Rocket and Groot (Marvel)
Groot, a tree-like creature that can only utter a single sentence, and Rocket, a genetically altered raccoon with a massive bloodlust, are two of the weirdest characters Marvel has ever put on screen. But the publisher's decades worth of comic book continuity has produced characters that are several times more peculiar. Before you check out the galactic freak show that is Guardians of the Galaxy, Take a look at the weirdest characters ever created from both Marvel and DC.
Walt Disney Pictures/Marvel
Arm-Fall-Off Boy (DC)
In what could be taken as an extreme case of making lemons out of lemonade, Floyd Belkin, a resident of the planet Lallor, has the ability to detach his limbs with a quick pop. The character decides to use his body part shedding abilities for good, and repurposes his appendages as blunt weapons to fight crime.
Brother Power the Geek (DC)
In order to infuse hippie counter culture into comics, DC did the only logical thing they could do: create a superhero mannequin. In what sounds like a twisted take on Jack Frost, Brother Power the Geek was originally created when a couple of hippies dressed up an abandoned mannequin that was struck by lightning and brought to life. While Brother Power's adventures originally only lasted two issues, they included being kidnapped by a circus, becoming a model factory worker at J.P Acme Corporation, and being shot into space by then Governor of California Ronald Reagan. We can't wait for the gritty re-imagining of the character from Warner Bros.
Big Bertha (Marvel)
In the 1980s, seemingly oblivious to the touchy subject of eating disorders, Marvel created Big Bertha. Ashley Crawford is a supermodel by day... but when she suits up as a member of the Great Lakes Avengers, a Midwestern off shoot of the classic Marvel superhero team, she becomes Big Bertha: a mutant with the ability to add hundreds of pounds of fat to her frame, making her super-strong and near invulnerable. To return to her normal state, Bertha has to throw up. Yes, you read that right. Despite the obvious issues with the character's powers, she remains an active member of the Avengers canon.
Matter-Eater Lad (DC)
A member of the Legion of Super Heroes, Matter-Eater Lad (a.k.a. Tenzil Kem), hails from the planet Bismoll (like Pepto Bismol?), where microbes have rendered all food on his planet inedible. In order to survive, the population evolved to be able to ingest any type of matter. The character is often seen munching on wrenches and other normally inedible objects as if they were candy. His powers have proved themselves quite useful since he can bite and consume previously indestructible forms of matter, which the DC comic book universe if filled with. Charles Darwin would be so proud.
Multiple Man (Marvel)
The power to duplicate yourself instantaneously could be mighty useful for a superhero, especially when facing off against an army of foes. But it's a little less useful, and a little more bizarre, when your clones tend to disobey your commands and just do their own thing.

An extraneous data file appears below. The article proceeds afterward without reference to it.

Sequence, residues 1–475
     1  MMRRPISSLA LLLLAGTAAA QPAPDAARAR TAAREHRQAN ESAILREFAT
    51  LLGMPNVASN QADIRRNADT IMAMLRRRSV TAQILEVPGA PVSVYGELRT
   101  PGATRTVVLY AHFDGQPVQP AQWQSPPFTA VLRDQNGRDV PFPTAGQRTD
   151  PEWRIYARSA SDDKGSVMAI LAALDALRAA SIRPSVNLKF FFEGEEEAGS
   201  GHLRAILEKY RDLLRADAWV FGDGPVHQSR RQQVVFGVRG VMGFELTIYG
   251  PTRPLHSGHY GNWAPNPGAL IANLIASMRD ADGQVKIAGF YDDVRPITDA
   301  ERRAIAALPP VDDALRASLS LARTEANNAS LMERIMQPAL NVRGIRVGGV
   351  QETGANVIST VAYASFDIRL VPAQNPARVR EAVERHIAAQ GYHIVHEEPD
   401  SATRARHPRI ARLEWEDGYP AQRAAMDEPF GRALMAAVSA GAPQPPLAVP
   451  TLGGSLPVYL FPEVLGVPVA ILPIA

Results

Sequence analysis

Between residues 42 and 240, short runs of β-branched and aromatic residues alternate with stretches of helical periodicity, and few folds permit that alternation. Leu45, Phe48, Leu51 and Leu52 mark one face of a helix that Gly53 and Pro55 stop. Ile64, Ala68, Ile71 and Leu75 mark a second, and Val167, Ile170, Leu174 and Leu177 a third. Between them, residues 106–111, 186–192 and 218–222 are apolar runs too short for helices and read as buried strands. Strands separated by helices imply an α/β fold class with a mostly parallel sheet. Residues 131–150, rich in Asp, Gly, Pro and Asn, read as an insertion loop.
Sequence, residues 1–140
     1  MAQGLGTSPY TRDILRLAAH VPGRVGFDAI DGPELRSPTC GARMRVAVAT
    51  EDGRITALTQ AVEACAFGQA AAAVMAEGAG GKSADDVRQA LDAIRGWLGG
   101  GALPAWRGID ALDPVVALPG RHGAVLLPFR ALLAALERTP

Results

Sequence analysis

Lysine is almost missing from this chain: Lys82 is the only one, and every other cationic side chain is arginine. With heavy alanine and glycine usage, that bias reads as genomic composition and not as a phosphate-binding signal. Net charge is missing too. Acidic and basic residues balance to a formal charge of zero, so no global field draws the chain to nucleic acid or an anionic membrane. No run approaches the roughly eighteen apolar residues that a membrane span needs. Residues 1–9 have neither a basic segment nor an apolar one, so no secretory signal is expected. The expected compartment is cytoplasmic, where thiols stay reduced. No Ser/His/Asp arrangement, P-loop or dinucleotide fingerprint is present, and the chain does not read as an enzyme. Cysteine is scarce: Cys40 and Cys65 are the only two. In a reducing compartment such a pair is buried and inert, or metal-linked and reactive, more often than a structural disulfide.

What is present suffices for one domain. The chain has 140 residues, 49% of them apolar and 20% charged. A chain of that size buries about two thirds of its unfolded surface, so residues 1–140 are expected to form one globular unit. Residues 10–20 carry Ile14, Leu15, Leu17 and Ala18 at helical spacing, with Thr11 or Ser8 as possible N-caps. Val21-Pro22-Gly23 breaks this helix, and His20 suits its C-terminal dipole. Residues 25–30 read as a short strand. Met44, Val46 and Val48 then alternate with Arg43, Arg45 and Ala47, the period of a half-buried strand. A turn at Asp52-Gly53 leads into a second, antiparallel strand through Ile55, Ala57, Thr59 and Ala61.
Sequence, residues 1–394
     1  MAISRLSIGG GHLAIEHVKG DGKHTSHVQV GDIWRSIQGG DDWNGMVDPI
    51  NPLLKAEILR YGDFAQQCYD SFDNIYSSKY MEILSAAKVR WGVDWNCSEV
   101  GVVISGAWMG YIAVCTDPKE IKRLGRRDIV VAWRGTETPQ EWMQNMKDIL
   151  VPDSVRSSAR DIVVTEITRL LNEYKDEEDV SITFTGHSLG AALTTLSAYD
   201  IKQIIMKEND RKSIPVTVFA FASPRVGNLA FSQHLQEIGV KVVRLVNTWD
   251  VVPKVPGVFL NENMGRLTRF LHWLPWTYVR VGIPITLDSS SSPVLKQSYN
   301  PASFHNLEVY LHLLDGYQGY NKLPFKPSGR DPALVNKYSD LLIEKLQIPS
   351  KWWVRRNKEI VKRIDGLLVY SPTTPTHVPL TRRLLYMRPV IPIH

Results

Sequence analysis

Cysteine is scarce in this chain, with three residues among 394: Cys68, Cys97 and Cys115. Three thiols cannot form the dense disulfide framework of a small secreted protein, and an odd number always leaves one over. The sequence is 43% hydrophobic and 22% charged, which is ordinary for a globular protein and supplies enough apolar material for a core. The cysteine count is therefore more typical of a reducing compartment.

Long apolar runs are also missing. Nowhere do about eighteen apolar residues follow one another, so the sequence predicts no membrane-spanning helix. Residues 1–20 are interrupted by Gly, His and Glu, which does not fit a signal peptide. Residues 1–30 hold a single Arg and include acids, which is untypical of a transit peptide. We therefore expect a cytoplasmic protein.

The Green Lantern corps are the galaxy’s most fearless and valiant protectors, and their ranks are made up of aliens of all shapes and sizes, but Green Lanterns usually aren't as big as Mogo. Mogo is a sentient planet that took the oath of the Green lantern and fights alongside Hal Jordan, Guy Gardner, and other human-sized members of the corps. Despite the oddity of the character, Mogo is well-loved by fans and remains a very prominent part of Green Lantern comic book story lines.
Though his comic book life is mercifully short (only one issue), the mutant super villain Eye-Scream has the ability to turn into any flavor of ice-cream he wants. That’s it. That’s all he does. His biggest foes include the sun, hungry babies, and lactose-free diets.
During the space race of the '50s and '60s, the Soviet Union spent most of its time flinging animals into space and hoping for the best, but I bet they didn't expect to create a superhero. Originally a test animal for the Soviet space program, Cosmo is sent into space in the 1960s and drifts to the alien space station Knowhere, where he gains telekinetic and telepathic abilities as well as a supreme intellect. Did we mention that Cosmo is a dog? The character has fought alongside the Guardians of the Galaxy, and believes in truth, justice, and chew toys.
Danny the Street (DC)
Bumping up the weird factor to a level of about eleven, Danny the Street is a thinking piece of pavement. Like, an actual roadway with thoughts. The character, created by kooky comics creator Grant Morrison, is a play on the legendary drag performer Danny La Rue. The character can integrate himself into the geography of any city without people noticing, and speaks via window signs of shops that line his… erm… body. Danny isn’t just an odd locale in the DC universe, but an actual superhero of sorts, being a full fledged member of the Teen Titans, and possessing superpowers such as teleportation. Oh, and did we mention he was a transvestite? We can't even imagine how that works.